Friends and fans pay tribute to Tigran Levonyan
July 2, 2004

Final Curtain: Friends and fans pay tribute to Tigran Levonyan

By Gayane Abrahamyan
ArmeniaNow arts reporter

The art of opera in Armenia suffered a sad loss this week with the death of
director and singer Tigran Levonyan.

Levonyan, People’s Artist of the Republic of Armenia and a state prize
laureate, died on June 25 aged 68. Thousands of admirers attended his
funeral service on June 29 at Yerevan’s Opera House to bid a last farewell
to the artist as the magnificent sounds of the Anush opera rang out.

Tigran Levonyan, People’s Artist .
His dramatic tenor vocals as a singer and his original way of thinking as a
stage director opened a new chapter in the history of National Opera
Theatre. Thanks to his tireless dedication, new directing style and fresh
staging he gave priceless service to the Armenian opera art.

Levonyan was born in Beirut, Lebanon, and repatriated as a child to Armenia
in 1946. He completed his musical education in singing and directing in
Yerevan and Moscow and aged just 28 he became a soloist at Yerevan’s
Spendiaryan Opera and Ballet National Academic Theatre. By 1977 he had
become the theatre’s artistic director.

His long repertoire as a singer and director included national and world
opera productions: he performed Canio (Pagliacci), Tirit (Arshak II), Saro
(Anush), Carlos (Don Carlos), Otello (Otello), Alfred (La Traviata),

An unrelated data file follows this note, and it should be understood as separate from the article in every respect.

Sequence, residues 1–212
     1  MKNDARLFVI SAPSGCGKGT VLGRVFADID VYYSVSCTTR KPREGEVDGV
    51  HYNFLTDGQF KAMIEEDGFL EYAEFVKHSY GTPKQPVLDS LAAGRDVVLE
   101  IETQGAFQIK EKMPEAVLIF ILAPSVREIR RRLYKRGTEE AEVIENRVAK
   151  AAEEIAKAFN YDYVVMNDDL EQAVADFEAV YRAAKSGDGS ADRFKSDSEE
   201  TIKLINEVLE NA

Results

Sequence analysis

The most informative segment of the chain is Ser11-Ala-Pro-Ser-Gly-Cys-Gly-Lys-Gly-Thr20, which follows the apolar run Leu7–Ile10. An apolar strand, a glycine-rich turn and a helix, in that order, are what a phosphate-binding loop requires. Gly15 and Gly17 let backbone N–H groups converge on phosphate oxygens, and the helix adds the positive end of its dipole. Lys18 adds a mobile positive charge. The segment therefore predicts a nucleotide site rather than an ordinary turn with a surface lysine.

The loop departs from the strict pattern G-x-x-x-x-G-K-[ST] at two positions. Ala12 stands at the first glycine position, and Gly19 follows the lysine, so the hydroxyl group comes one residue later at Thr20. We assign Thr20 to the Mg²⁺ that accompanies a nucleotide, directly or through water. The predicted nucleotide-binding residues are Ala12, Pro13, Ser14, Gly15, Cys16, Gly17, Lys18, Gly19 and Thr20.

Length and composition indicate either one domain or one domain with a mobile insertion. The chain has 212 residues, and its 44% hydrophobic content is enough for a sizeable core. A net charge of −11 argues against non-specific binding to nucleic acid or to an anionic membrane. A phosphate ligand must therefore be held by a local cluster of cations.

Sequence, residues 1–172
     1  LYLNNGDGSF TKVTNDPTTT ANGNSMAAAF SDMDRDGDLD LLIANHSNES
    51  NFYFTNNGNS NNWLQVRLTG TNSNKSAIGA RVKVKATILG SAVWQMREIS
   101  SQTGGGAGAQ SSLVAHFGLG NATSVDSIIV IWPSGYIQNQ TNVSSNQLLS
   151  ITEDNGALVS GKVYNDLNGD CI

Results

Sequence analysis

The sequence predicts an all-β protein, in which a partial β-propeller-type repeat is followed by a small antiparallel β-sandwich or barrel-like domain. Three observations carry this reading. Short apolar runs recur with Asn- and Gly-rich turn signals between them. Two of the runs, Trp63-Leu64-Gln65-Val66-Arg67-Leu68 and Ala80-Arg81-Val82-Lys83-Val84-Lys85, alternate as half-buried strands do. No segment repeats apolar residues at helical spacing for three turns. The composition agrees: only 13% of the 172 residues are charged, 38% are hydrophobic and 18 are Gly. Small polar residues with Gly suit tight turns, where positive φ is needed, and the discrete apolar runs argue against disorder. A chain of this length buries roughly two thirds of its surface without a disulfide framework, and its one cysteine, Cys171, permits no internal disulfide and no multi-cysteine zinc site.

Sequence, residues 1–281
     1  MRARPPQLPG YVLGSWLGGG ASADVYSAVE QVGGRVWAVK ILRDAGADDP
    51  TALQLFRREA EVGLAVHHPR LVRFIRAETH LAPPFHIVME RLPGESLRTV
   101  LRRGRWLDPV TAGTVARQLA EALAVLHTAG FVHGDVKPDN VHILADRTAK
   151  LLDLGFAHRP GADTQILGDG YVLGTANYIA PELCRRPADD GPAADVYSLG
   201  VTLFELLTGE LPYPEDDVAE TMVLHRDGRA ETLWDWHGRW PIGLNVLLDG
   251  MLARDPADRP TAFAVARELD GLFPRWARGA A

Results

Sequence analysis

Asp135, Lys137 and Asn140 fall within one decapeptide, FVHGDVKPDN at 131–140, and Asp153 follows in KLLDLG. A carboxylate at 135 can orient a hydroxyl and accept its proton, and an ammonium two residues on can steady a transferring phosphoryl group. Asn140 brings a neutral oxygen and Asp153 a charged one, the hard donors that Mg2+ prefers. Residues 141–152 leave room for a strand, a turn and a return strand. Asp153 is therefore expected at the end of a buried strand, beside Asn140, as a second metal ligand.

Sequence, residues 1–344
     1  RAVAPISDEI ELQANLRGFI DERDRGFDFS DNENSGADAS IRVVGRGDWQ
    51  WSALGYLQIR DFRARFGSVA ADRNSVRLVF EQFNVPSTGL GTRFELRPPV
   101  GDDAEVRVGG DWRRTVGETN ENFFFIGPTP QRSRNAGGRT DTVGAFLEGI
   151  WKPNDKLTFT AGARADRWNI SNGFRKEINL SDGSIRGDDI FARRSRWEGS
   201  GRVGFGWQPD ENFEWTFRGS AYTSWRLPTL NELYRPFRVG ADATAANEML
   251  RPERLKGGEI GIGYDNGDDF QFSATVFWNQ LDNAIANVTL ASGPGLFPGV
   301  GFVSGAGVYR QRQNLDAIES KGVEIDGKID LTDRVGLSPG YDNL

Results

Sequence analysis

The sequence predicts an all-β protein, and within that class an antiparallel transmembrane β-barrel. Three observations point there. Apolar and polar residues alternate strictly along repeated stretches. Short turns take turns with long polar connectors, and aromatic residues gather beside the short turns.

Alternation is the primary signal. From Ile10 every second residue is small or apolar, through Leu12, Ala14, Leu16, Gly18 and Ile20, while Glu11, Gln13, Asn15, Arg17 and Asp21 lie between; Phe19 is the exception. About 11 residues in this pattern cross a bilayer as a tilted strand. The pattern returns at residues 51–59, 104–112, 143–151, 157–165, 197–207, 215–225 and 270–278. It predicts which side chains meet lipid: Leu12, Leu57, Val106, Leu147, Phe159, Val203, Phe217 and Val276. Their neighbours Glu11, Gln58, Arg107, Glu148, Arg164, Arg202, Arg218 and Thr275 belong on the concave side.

Shahumyan (David Bek), Manrico (Trubadur), Cavaradossi (Toska) with great
depth of dramatic feeling, impressive acting and a delicate interpretation
of direction.

Levonyan was the first to create opera films in Armenia and thanks to his
unique directing approach he placed on screen Almast, Arshak II, and
Palmetto, which became symbols of his innovative art.

However, he suffered unfairness at the hands of government bureaucracy too.
In 1999, upon the order of the Ministry of Culture, Levonyan was dismissed
from the theatre and deprived of the right not only to stage performances
but also to sing there as well.

A letter of protest signed by 125 artists of the theatre, calling for
Levonyan to be restored as artistic director and director, was ignored. He
was subjected to a humiliating whispering campaign in the press, where
articles were printed suggesting that he had pressured people into signing
the letter.

Mourners pay their last respects to an honored artist
“Opera and stage are my life. I’m deprived of the stage so I’m deprived of
life,” said Levonyan. “Back in 1993, I declared from the stage that we need
a law on culture in order to protect the culture from the Ministry of

“Tigran was working and creating because ideas came like rain from his mind.
But we felt deeply insulted and the insult of ignoring us was not only ours
but of the whole art loving society,” says singer Gohar Gasparyan, who
Avetik Isahakyan described as “Armenian nightingale”.

“He left unvalued, denied. Moreover, the reason for his illness was the
unending sense of outrage he felt, which did not subside in his heart,” says
People’s Artist Sos Sargsyan, his voice quivering.

Even after he left the Opera House, Levonyan did not stop creating. On the
occasion of 1700 th anniversary of Christianity in Armenia in 2001, he
staged open air performances of Anush and Palmetto at Zvartnots temple.

Choreographer Vilen Galstyan says that instead of organizing a lavish
funeral service for him, the State should have better appreciated his talent
during his life.

“It’s the Armenian option – ‘go die and I’ll love you’,” says Galstyan.